SYDNEY (AFP): Opener David Warner will be determined to show he still has what it takes when he begins the countdown to retirement at the World Test Championship final starting Wednesday.
The 36-year-old former vice-captain has been a mainstay of the Australian team since making his Test debut against New Zealand in 2011, racking up 103 caps and 8,158 runs.
But he approaches the WTC final at The Oval against India and the five-Test Ashes series from June 16 more vulnerable than ever with one century in his past 32 innings and a mediocre record in England.
His prolonged poor form had prompted intense speculation about how much longer he would carry on and over the weekend Warner set out his timetable to end his red-ball career.
The pugnacious left-hander hopes to bid farewell in front of his hometown fans in the New Year Test against Pakistan in Sydney in January.
He aims to keep playing white-ball cricket until the 2024 World Cup.
“I probably owe it to myself and my family… if I can get through this (WTC final and Ashes) and make the Pakistan series, I will definitely finish up then,” he told reporters in England.
Warner will be desperate to go out on his own terms, but with his place under threat, how much of a part he plays in his final Ashes series remains to be seen.
He made Australia’s squad heading to England but chief selector George Bailey then added to the uncertainty, saying Warner would play against India but non-committal beyond that.
Warner suffered a fractured elbow and concussion on the blockbuster tour of India in February, missing the last two Tests, which itself came on the back of an extended lean spell.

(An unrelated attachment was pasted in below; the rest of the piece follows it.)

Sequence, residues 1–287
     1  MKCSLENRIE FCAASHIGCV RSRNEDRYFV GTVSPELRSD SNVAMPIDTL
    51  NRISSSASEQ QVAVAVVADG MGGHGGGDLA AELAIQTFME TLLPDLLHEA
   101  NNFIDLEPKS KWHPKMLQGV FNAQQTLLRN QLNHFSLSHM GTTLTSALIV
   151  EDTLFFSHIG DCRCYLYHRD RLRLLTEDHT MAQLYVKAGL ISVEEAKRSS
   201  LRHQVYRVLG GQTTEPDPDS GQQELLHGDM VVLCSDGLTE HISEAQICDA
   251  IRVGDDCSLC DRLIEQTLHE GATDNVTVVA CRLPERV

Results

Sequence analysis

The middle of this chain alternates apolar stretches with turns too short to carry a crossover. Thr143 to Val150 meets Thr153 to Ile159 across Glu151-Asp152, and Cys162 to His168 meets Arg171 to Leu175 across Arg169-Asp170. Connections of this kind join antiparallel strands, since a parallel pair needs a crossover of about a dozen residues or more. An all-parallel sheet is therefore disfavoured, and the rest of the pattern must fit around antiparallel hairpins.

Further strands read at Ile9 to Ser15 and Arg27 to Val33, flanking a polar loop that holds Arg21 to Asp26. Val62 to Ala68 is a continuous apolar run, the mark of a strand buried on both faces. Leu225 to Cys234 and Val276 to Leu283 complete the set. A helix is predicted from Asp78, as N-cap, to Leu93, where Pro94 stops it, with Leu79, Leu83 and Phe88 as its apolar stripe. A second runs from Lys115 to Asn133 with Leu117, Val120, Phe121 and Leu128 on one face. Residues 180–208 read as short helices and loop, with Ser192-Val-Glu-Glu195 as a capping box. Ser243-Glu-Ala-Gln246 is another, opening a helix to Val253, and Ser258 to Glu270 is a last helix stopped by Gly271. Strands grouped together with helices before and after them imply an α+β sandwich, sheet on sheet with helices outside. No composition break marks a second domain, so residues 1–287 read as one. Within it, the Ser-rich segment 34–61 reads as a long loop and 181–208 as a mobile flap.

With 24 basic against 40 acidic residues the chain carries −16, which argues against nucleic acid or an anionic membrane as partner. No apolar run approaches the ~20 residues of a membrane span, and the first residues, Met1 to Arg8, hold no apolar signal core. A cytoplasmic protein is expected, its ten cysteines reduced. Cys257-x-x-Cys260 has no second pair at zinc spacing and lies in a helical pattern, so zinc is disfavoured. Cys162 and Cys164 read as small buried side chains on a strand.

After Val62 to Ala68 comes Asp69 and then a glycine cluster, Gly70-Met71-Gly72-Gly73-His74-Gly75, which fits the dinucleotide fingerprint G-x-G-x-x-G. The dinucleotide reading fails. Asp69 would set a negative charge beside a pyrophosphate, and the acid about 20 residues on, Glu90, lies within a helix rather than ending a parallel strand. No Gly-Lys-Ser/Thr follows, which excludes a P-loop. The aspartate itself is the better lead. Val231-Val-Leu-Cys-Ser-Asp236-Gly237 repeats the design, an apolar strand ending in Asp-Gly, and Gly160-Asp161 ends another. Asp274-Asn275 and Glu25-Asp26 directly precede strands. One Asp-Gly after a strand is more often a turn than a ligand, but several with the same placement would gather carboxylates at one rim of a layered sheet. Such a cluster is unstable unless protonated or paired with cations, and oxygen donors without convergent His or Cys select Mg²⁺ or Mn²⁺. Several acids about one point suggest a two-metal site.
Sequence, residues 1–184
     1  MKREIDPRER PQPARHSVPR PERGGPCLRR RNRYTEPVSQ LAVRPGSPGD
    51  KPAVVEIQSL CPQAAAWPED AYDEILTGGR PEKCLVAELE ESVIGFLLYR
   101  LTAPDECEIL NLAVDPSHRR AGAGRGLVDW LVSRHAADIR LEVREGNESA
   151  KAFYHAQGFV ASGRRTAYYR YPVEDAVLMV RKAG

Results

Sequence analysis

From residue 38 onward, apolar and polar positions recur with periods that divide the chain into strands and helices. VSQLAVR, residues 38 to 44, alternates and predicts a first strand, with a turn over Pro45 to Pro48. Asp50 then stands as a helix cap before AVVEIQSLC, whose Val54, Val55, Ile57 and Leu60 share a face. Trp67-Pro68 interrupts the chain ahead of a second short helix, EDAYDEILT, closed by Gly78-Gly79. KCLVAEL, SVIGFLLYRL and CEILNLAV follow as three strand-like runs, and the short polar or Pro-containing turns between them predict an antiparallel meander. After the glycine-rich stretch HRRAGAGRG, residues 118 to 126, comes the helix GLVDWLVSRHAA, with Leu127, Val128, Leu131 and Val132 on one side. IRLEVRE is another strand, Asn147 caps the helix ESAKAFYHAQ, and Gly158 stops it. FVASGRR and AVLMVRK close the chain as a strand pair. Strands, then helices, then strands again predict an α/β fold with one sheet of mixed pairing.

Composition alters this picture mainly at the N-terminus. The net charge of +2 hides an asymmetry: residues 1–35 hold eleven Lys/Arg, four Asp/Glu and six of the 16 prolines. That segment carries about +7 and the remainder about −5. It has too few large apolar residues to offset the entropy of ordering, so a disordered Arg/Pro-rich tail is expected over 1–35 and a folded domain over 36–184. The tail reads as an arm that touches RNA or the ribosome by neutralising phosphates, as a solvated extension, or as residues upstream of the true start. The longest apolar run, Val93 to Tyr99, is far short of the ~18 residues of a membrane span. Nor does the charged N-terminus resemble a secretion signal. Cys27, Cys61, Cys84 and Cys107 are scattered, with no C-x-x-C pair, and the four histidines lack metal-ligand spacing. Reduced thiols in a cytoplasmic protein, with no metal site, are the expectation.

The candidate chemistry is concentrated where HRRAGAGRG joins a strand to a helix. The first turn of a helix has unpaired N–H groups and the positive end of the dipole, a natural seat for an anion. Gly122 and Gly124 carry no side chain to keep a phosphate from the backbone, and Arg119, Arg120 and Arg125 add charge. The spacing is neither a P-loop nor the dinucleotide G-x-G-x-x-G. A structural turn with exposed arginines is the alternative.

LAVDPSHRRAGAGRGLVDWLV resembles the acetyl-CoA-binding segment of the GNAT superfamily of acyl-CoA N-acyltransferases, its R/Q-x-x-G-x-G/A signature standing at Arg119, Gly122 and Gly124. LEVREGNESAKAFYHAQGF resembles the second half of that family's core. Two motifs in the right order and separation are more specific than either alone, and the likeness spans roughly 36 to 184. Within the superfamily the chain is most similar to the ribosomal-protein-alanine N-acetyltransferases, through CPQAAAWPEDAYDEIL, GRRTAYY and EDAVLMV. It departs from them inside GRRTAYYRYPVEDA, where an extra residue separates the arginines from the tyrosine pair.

There was talk afterwards that he may have played his last Test.
Former Australia skipper Ricky Ponting has suggested Warner missed an ideal opportunity to hang up the pads after hitting a double-century against South Africa at the Melbourne Cricket Ground last December in his 100th Test.
– ‘One of the greatest’ –
The form book, both recent and past, does not bode well for Warner.
In 13 Tests against the old enemy on English soil Warner averages 26.04, well below his career 45.57, and is yet to score a century.
A dismal 2019 Ashes campaign in England saw him manage just 9.50 with the bat.
To make matters worse, he will again come face-to-face with his nemesis’ Stuart Broad and Jimmy Anderson, two bowlers who have tormented him over the years.
Warner is also nursing a sore left elbow after being hit in the nets — the same one he fractured during Australia’s tour of India.
Despite his impending retirement from Test cricket Warner insists he will not change his mindset.
“I’ve played every game like it’s my last,” he said.
Should he fail to fire, Marcus Harris or Matt Renshaw would likely step in to partner Usman Khawaja at the top of the order.
Harris told Australian media he had seen some of the scrutiny around Warner’s position in the side, but that he had earned the right to decide when the time was right to move on.
“To be honest, I’m probably not going to be playing until Davey either isn’t playing or decides not to be playing,” Harris said.
“But my opinion with Dave is that I think he’s one of, if not the, greatest openers that Australia’s ever had.”